What Not to Feed Your Cat
The good news is, if you feed a nutritionally balanced commercial cat food along with providing a source of clean, fresh water, then your cat is already getting all the essential nutrients.
You don't need to supplement the diet with anything. If you still choose to throw in some extras, make sure you avoid these foods:
Cartoons always show cats happily lapping up milk, as if it's their favorite food in the world. Actually, too much milk can cause diarrhea in cats, and it's certainly not a source of the complete nutrition your cat needs. Remember never to substitute milk for water.
With the salmonella that exists these days, you should never feed raw eggs to cats. For cats, repeated consumption of raw eggs can cause skin inflammation, loss of hair and poor growth due to biotin deficiency.
Certain types of raw fish can cause cats to suffer from a thiamine deficiency, which can cause anorexia, abnormal posture, weakness and even death.
Raw diets are gaining traction right now, but it's best not to experiment with raw meat when it comes to feeding your cat. Many raw meats contain parasites, and strictly raw meat can't provide the proper balance of nutrients a cat needs.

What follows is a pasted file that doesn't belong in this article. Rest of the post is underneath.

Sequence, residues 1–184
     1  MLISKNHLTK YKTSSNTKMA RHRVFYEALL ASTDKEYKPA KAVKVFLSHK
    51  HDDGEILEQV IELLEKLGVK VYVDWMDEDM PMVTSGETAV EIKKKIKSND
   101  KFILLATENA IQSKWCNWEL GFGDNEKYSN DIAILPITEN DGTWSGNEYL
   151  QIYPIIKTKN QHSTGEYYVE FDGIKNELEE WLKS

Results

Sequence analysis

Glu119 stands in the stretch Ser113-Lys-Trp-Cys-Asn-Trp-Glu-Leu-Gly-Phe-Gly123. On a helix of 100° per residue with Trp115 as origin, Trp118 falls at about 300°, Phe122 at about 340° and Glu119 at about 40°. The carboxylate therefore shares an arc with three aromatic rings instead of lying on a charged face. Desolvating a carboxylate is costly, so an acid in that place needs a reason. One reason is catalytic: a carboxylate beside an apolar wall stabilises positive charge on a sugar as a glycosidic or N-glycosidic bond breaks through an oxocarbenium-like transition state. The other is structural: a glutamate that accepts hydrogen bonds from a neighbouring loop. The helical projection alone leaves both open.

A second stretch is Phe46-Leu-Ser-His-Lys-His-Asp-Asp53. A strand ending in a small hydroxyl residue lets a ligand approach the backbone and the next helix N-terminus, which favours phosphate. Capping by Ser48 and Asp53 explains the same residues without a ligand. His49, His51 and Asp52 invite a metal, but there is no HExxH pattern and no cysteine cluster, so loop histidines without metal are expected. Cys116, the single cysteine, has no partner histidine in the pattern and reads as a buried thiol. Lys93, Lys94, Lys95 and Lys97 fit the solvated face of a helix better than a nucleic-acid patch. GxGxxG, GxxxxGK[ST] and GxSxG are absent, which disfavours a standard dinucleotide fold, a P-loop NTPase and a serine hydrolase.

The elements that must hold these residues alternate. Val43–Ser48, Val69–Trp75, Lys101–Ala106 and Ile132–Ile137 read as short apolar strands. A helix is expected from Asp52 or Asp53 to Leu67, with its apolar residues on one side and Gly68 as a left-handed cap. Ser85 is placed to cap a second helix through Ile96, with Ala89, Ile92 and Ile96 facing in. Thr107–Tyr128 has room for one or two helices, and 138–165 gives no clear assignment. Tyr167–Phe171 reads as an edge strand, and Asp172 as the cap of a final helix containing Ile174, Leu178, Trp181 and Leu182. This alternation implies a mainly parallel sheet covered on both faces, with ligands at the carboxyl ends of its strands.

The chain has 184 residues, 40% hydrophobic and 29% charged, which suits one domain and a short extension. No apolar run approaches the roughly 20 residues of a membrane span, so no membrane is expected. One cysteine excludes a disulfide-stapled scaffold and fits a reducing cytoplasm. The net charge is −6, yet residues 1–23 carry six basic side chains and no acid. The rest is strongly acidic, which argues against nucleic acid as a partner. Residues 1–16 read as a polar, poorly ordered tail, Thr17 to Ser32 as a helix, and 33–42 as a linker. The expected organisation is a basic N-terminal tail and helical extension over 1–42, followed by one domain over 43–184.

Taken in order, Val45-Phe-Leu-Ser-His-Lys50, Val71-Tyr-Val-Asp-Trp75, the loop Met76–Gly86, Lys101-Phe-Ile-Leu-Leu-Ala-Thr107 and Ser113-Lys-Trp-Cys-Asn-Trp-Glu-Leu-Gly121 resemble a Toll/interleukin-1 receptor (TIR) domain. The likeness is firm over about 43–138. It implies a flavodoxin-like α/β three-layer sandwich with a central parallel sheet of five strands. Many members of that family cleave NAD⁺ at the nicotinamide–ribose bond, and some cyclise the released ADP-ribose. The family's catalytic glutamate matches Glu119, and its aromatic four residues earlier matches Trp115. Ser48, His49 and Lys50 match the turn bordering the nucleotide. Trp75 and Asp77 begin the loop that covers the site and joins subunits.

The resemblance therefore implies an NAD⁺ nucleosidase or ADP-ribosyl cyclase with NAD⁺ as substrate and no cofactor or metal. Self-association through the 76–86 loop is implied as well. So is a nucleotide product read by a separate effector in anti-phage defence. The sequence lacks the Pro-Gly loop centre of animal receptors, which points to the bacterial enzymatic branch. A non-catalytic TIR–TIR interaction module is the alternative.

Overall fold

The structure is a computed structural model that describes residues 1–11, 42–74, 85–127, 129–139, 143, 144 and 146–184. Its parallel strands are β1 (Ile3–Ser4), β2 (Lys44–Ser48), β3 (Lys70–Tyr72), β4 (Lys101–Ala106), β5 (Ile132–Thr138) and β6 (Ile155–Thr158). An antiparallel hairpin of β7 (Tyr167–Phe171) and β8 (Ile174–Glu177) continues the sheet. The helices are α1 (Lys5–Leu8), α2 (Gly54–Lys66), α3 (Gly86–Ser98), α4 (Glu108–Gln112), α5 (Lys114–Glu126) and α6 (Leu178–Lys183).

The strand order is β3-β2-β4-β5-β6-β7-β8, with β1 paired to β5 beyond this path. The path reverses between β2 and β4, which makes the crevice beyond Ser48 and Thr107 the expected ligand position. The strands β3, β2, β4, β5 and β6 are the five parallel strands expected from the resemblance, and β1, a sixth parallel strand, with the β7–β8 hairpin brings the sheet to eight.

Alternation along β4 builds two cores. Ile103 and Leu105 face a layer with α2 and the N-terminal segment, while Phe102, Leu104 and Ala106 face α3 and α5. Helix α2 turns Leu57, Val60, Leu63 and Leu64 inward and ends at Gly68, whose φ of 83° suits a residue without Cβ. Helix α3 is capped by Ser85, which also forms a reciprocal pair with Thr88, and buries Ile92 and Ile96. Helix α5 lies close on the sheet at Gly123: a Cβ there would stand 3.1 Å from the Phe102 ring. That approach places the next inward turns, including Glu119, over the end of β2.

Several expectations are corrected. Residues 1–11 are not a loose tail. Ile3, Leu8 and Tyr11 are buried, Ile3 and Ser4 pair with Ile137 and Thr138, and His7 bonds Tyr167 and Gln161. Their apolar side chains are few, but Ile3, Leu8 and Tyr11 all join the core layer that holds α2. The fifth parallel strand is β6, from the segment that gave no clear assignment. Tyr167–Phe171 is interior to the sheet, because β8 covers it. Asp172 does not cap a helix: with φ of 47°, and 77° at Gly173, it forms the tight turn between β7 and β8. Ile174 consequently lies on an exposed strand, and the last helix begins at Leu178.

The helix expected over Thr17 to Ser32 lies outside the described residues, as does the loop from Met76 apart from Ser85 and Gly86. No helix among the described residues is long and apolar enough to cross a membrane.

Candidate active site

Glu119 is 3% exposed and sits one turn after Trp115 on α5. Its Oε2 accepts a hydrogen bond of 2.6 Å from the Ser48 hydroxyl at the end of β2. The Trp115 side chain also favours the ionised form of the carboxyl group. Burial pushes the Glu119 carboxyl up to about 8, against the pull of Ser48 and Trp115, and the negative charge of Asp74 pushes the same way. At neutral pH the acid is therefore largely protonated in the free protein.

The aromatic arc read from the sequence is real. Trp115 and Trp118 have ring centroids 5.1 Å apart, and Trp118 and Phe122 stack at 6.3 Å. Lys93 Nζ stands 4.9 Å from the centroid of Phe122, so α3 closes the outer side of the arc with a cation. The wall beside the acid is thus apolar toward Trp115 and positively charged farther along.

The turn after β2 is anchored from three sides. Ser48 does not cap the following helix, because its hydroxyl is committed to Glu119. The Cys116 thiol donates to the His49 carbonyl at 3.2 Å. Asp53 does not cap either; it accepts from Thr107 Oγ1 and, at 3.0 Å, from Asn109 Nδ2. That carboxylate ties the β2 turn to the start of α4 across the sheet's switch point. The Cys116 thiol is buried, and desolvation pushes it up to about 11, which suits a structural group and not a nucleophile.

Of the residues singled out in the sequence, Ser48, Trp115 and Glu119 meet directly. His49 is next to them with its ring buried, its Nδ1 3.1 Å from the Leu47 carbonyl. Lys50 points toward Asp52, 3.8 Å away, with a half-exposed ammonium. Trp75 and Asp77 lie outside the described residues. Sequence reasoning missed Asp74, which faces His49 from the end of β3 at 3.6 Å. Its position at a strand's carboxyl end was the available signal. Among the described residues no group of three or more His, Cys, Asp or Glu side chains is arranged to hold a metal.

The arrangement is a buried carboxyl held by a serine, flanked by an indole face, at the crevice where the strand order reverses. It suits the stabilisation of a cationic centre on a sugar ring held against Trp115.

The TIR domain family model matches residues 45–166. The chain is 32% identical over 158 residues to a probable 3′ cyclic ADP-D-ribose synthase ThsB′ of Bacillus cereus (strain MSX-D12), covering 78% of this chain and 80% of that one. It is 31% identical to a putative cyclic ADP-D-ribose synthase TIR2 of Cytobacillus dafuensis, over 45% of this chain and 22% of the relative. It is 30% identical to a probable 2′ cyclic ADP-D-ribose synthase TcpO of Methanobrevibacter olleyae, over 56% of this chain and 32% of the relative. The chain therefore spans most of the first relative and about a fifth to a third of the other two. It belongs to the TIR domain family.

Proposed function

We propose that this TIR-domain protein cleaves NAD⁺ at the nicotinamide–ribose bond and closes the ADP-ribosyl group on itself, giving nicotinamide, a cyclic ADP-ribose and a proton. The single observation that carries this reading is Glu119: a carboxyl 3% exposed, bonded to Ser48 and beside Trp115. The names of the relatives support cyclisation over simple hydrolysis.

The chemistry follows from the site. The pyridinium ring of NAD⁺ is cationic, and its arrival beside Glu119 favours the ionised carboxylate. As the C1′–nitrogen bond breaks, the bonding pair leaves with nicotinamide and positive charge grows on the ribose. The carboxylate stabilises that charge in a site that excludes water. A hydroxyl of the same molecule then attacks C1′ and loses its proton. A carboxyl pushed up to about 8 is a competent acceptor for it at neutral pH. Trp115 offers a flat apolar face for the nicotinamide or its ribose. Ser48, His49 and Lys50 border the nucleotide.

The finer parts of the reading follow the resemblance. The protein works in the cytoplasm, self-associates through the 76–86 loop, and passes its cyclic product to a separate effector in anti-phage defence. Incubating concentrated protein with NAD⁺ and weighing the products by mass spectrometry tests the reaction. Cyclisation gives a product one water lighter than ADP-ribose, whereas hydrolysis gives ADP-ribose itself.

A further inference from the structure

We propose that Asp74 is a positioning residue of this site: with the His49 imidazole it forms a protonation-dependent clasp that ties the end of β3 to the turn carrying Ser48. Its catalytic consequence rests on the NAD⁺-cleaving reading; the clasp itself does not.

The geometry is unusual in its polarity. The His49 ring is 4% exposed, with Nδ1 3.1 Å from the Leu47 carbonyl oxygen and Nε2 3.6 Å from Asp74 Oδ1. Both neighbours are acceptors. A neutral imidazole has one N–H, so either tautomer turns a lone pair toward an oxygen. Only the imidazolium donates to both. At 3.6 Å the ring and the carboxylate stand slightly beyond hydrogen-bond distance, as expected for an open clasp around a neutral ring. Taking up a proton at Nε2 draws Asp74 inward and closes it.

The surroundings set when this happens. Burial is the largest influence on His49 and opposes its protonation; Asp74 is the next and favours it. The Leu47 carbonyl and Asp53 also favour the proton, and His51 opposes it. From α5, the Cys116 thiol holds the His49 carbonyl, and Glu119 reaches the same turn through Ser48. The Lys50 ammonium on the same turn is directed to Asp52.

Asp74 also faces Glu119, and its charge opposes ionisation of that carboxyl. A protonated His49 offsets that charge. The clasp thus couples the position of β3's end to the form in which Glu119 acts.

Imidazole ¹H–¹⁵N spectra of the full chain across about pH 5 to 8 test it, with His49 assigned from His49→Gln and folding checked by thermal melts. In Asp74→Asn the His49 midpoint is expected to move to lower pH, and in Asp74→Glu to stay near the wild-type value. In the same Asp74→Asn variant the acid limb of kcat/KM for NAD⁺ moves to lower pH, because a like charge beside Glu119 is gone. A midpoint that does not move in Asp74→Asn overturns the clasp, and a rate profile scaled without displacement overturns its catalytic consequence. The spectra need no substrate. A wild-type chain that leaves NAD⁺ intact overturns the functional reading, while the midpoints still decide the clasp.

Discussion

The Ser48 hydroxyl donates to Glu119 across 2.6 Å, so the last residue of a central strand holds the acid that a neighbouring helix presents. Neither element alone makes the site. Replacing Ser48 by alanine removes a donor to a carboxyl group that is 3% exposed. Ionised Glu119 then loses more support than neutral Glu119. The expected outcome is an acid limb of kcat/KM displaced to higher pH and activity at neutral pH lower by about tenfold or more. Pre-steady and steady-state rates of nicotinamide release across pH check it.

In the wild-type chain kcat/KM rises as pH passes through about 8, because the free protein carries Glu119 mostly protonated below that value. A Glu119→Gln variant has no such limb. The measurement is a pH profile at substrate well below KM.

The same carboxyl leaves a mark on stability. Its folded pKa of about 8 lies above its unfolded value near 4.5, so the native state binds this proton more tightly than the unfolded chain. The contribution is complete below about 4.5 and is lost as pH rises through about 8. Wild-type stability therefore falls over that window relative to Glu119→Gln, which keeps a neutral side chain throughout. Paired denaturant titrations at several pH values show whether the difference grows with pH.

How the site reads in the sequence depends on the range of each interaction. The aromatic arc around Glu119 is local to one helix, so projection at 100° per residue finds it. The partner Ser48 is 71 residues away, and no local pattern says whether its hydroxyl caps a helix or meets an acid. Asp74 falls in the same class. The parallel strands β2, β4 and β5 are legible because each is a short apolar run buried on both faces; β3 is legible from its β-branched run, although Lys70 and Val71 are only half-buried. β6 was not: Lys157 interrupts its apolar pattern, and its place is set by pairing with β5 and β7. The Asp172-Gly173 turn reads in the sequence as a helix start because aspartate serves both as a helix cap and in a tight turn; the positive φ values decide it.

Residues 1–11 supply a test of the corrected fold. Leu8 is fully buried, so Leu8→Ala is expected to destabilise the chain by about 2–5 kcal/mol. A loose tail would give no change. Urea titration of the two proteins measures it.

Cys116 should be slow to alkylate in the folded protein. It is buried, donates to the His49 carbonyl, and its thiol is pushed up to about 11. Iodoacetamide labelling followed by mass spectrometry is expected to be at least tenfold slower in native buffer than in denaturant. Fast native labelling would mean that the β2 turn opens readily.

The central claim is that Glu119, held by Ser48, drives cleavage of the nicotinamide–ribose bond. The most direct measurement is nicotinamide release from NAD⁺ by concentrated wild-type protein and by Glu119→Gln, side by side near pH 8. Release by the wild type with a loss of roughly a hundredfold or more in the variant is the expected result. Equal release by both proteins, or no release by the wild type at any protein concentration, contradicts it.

Cats, like dogs, shouldn't gnaw on bones. Small soft ones, like those that come in pork chops or chicken bones, may splinter and lodge in your cat's mouth or throat.
If your cat is eating a nutritionally-balanced diet, excess supplements mean wasted vitamins, or worse, vitamin toxicity. However, these supplements may provide a benefit to cats with certain health issues. You should check with your veterinarian before providing supplements to your cat.
Cats may enjoy a table scrap or two, but lots of times they'll be uninterested. That's because most human food doesn't provide the balanced diet cats need. Treats or table scraps should be limited to no more than 10% of your cat's total daily calories. Ask your veterinarian if these are OK for your cat, although we personally recommend avoiding them.